“We are awaiting some decisions from various agencies, including the Corps and the state,” he said. “The problem is that there has been a huge amount of money spent to place the equipment, and to remove it and start over again would be a huge undertaking as far as expense.” He blamed the delay mostly on the mandatory Jan. 31 deadline, arguing that winter flounder have long been absent in the pond.

Fishermen and biologists in Chilmark and Aquinnah say otherwise.

Aquinnah fisherman and charter captain Buddy Vanderhoop, who scallops on the pond in winter, claimed seeing “tons of them” this winter. He speculated that winter flounder were also present in Nashaquitsa Pond to the south. “As a rule, they come back in January to spawn and then they go back out into the Sound, probably around the end of April, after dumping all their eggs,” Mr. Vanderhoop said.

Four years ago the Wampanoag shellfish hatchery released 5,000 winter flounder into Menemsha Pond, in partnership with the University of New Hampshire and the former Martha’s Vineyard/Dukes County Fisherman’s Association, with funding from NOAA. “They always come back to where they were born,” Mr. Vanderhoop said.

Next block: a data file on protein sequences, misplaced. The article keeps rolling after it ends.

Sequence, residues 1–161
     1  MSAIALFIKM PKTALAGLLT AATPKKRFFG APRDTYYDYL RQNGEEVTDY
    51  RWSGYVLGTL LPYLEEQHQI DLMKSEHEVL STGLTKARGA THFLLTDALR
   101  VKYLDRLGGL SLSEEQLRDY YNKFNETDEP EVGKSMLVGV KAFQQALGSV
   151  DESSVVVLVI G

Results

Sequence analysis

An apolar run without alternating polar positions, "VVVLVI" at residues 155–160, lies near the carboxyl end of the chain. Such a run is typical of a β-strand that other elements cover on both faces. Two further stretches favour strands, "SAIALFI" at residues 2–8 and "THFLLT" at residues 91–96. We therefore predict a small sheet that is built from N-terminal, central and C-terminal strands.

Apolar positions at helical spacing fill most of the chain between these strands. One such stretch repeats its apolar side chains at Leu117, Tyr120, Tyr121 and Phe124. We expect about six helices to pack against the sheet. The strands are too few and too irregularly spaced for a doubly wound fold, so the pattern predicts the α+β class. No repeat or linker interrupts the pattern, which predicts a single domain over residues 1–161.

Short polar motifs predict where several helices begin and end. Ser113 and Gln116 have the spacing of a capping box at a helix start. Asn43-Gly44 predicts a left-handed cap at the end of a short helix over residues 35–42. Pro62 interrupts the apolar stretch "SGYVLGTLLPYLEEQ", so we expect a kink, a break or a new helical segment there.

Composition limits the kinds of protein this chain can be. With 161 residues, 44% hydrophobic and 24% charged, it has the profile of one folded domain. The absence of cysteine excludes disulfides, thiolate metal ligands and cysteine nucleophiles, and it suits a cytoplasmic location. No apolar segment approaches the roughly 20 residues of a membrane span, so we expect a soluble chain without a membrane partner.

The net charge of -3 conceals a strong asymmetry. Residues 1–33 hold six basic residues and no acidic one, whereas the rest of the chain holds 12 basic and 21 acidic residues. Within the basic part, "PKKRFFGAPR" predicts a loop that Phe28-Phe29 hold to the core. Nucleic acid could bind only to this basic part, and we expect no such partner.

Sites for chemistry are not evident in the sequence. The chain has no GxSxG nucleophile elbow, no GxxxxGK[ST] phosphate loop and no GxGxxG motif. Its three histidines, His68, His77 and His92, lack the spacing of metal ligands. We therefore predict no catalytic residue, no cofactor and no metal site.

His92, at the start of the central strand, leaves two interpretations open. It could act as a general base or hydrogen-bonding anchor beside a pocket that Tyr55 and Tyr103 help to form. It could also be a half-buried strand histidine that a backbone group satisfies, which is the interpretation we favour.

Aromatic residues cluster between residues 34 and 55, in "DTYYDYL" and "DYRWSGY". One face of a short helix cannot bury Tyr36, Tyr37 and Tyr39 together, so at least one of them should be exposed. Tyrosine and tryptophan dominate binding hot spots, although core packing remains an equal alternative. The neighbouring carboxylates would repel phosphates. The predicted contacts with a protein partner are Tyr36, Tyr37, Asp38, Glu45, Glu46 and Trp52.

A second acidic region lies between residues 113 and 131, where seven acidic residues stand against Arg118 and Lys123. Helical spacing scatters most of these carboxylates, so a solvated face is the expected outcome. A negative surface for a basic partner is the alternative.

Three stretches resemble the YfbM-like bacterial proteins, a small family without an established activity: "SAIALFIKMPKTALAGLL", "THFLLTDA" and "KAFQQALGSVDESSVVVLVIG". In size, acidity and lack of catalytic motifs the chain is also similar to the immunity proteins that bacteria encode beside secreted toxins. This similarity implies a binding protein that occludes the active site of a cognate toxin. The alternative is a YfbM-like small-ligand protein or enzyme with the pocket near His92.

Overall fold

Piping presents possible safety hazard on the road, but contractor says he cannot afford to move equipment. — Alex Elvin

Bret Stearns, director of natural resource protection for the tribe, also confirmed that winter flounder were present in Menemsha Pond this winter.

“The rules are there for a reason,” he said. “We are trying to protect species that are important to the history and to the future of the Island.”

A smaller dredging and beach renourishment project at Eel Pond and Fuller street beach in Edgartown was completed on time last year before the start of the winter flounder season. Edgartown operates its own dredge program.